Pic: Poldraw 

Posted: 7th, October 2007 | In: Politicians, Tabloids | Comments (6)

Conservative Teresa May Puts Both Feet Wrong

THERESA May, Shadow Leader of the Commons, is doing a passable impression of Cilla Black birdie dancing on a cruise liner in the teeth of a mid-Atlantic storm.

But never mind the hair, the red lipstick and the teeth as she sways across the boards. Look at the shoes. Focus on the shoes. The Mail does. It’s Theresa ‘s 51st birthday and she is dancing.

The shoes, of course, it is always the shoes with the Tory MP, now performing as Shadow Leader of the Commons.

When May wore leopard-print shoes at Party conference 2002, aged men clacked their tongues. Women pursed their lips.

Theresa May had new shoes. Anne Widdecombe might have Rosa Klebb’s, but these were the real killer heels.

And then Theresa wore leopard-print Wellington boots. She had a look. This was her kit. She will be forever associated with leopard print.

To her mind, one imagines leopard-print stands for daring, edgy, stealth, strength and speed. But it works best on a leopard.

No-one dresses like Theresa May, at least no-one who should be in the public eye this side of a Bucharest alley.

And she runs the risk of appearing out of date. Doesn’t May realise that this season’s look is tiger-print, as modelled by Princess Diana’s miracle suit (‘Makes you look pregnant or your money back!’)?

Of course, if May hangs around long enough she will, like Margaret Thatcher’s handbag, return to fashion…

Posted: 3rd, October 2007 | In: Politicians, Tabloids | Comment (1)

Conservative Party’s Emma Claire Pentreath Appreciation Society

DOES Emma Pentreath, a researcher for Hammersmith and Fulham MP Greg Hands think that in blacking up her face she will be fast-tracked to political prominence?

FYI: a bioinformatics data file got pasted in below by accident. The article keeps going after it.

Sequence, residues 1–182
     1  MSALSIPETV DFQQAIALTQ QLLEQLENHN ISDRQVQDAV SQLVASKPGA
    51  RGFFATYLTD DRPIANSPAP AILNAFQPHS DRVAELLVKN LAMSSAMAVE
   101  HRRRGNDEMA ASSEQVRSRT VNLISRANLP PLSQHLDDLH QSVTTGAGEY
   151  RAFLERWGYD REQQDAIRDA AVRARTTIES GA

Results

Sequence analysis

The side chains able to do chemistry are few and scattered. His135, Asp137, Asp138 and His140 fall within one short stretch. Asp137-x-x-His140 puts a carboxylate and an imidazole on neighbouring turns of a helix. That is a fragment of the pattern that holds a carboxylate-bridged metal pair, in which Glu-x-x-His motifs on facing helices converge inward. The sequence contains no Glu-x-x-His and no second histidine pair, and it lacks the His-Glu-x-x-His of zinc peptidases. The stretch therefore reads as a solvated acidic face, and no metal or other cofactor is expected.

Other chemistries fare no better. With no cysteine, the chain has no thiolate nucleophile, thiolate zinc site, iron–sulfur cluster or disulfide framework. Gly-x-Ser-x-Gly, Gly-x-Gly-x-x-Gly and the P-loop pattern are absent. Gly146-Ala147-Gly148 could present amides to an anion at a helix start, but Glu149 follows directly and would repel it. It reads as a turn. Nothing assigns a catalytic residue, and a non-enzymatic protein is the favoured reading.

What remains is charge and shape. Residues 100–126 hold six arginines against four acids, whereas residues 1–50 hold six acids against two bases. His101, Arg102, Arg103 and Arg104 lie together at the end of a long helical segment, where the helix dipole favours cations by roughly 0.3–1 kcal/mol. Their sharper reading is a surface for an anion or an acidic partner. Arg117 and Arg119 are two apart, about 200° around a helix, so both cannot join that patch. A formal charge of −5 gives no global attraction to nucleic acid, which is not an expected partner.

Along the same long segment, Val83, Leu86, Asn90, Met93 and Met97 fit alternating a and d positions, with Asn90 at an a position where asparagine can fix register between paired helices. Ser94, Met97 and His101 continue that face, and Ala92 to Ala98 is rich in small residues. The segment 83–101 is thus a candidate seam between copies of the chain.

Wear an eye-patch, shrug an “oye vez” and dance like Sammy Davis Junior and Emma will be the MP for a safe Tory seat quicker then she can say, “What you talkin’ about Mr C?”

The Mirror delivers a picture of Ms Pentreath, her face blackened by a burnt cork wielded by Tory Philip Clarke, who works for the former attorney general Lord Lyell.

The picture is taken from Emma’s Facebook page. The caption reads: “Emma’s career in politics lies in tatters after she follows Ann Winterton’s lead and dresses as a ‘Nigger Minstrel’ for the Tory black and white Ball.”

Winterton, says the Mirror, is the Tory MP who made a joke of the deaths of Chinese cockle pickers in Morecambe Bay.

But this is no joke. The Mirror can’t even bring itself to say the n-word.

The Mail is not so coy. It sees the “Nigger Minstrel” and anther picture. It is captioned: “The piece de resistance! Teeth shining, nostrils flared and eyes glowing. Truly terrifying.”

The pictures appeared on the network known as the Emma Claire Pentreath Appreciation Society.

And it is hard not appreciate a girl who sacrifices any political ambitions she might have held to equip her party’s Black and White Ball with a bit more ethnic representation…

Posted: 2nd, October 2007 | In: Politicians | Comments (7)

Boris Johnson: Gammon On For Livinstone’s Saddle

YOU join us at the Conservative Party conference where the handing over of the “blond mop of state” is engaging Messers Boris Johnson and Michael Heseltine. (Pic: Beau Bo D’Or)

The Guardian’s Simon Hoggart sees Heseltine’s hair “as thick and as sculpted as ever, barely held in place like a Suffolk cliff about to crash into the sea”.

Then Boris Johnson arrives on stage. He is afforded a standing ovation. With Boris as mayor of London there would be no more “jack-knifing, self-combusting, cyclist-crushing bendy buses”.